New Reader’s Guide to Comics

What are comics?

Comics are a medium whose art is presented in sequential panels of individual scenes.  Like other mediums such as cinema, television and novels, many different genres can be found, tough like other mediums they gravitate towards certain genres better suited for common format or that are culturally ingrained within the medium (such as superheroes).  Comics are often serialized, but this is not the necessarily the case for every comic.

Comics are unique for a number of reasons, one of which is the “shared universe” concept prevalent in the medium, where a number of different characters all exist in the same world.  It is not common to all comics, nor exclusive to them, but it’s breadth of use is somewhat unique .

We’ll continue on this thread later.  First…

Who are comics for?

Comics are for everybody

While culturally we assume that comics are for kids, that is mostly a perception that has persisted from a time before most of us were born, when comics became extremely popular among youth in the 30’s and 40’s.  Marvel Comics gained cultural significance in 1961 when Stan Lee, the writer, decided to make stories he would read (See Fantastic Four #1).  From that point on, the target market for comics widened considerably.

What about graphic novels?

Graphic novels has become a popular term to use when referring to comic books as some see it as a more mature term.  What it really designates is a format within the medium.  Graphic novels are longer form stories (as opposed the more common 30-40 page issue) which contain one story from beginning to end.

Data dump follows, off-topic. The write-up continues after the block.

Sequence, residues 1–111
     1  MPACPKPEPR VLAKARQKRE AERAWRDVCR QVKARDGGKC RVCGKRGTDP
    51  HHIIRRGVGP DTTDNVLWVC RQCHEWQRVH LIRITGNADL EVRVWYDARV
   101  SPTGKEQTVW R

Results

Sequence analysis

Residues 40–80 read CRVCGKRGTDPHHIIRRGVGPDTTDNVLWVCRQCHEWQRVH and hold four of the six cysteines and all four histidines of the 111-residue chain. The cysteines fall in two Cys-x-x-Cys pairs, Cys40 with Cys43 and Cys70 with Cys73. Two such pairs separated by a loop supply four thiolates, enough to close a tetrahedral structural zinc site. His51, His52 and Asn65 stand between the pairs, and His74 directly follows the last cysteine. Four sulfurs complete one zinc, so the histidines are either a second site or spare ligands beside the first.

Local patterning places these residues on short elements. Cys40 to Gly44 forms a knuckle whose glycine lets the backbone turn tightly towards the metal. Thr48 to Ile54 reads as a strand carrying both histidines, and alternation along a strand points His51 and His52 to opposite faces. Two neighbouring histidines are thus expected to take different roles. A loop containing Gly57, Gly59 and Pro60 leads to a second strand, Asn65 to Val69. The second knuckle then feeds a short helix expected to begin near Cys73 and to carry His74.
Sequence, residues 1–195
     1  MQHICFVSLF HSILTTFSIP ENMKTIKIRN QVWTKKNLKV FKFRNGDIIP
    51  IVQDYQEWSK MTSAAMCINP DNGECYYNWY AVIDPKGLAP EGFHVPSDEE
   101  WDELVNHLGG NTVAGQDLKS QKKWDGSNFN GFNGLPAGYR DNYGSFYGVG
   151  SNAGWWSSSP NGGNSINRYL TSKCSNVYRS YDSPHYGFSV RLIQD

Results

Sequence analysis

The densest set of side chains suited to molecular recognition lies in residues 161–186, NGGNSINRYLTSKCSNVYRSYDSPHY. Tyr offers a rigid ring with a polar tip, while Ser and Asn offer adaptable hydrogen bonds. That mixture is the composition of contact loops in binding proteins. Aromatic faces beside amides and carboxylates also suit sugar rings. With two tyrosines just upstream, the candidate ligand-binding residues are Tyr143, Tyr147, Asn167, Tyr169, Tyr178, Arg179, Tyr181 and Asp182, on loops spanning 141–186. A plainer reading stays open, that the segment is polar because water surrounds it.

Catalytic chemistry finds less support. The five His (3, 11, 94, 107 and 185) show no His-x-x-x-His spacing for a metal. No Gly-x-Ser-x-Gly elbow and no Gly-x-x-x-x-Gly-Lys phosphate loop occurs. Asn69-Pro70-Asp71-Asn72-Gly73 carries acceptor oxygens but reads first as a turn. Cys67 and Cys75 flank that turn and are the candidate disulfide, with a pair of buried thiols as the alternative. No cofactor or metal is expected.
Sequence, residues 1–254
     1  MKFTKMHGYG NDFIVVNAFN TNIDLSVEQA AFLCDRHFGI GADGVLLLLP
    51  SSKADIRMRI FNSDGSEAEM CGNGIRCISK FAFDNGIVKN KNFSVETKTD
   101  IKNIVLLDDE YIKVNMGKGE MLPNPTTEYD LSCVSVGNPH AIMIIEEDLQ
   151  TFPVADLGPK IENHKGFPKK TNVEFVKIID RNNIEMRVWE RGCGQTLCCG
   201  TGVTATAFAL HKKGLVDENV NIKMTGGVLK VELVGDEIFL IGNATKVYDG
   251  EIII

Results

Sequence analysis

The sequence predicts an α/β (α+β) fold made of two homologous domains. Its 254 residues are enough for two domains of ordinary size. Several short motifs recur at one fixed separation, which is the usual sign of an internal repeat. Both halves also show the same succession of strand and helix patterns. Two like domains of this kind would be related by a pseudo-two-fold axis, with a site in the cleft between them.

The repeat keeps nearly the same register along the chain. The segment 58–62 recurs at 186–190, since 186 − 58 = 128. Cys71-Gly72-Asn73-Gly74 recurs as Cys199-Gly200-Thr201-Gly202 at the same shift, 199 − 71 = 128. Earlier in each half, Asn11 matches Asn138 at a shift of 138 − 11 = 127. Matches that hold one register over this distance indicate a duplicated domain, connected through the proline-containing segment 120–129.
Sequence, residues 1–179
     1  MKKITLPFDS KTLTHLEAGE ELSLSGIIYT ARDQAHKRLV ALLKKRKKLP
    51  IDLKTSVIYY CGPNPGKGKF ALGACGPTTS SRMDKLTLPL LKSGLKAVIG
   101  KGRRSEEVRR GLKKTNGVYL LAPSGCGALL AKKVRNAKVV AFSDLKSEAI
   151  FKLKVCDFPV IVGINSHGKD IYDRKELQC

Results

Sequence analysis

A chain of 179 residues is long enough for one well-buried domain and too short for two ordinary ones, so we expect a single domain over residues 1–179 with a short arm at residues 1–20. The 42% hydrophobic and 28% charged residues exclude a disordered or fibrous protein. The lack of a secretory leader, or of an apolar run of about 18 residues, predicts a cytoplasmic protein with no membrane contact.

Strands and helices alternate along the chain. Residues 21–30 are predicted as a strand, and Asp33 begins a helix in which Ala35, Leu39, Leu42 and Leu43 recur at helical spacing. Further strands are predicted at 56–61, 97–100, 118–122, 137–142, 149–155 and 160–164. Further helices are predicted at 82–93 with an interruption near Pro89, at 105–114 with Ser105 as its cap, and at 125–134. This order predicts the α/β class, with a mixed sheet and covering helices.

What are the various formats of a comic?

As mentioned, the graphic novel is a long form of a comic book that usually has a complete story contain within.  An original graphic novel (OGN) is a comic that is originally published in this format.  This term came to be as it is now common to call a series of comics reprinted in a collected format as a graphic novel (Watchmen, one of the most notable “graphic novels”, was originally a mini-series that was later collected as “graphic novel”).

While the term graphic novel has evolved to include the meaning of any long form or collected edition, there are other terms that further describe these formats.  First, the trade paperback (TPB) is a softcover edition.  Hardcover editions (HC) are also an important format, as is the “oversized hardcover” (OHC), though are often only used for OGNs or more popular collection editions.  Unlike the “book” world, hardcovers don’t always proceed the softcover TPB.

However, the most popular form is the single issue.  These formats are the slim, folded pages with staples holding them together that we first think of when we hear the word “comics”  Single issues are sometimes referred to as “floppies” or “monthlies”.  They are often the first format in which a story is published.  New issues come out every week (Wednesdays for a better part of the last few decades).

The examples below are all Ultimate Spider-Man #1 or Vol. 1, but are different formats and can contain anything from a single issue to more to a few dozen.

A Single Issue (#1, Vol 1) A Trade Paperback (TPB) Another Trade Paperback (TPB) A Hardcover (HC) An Omnibus (HC with more pages)

A word about “volumes”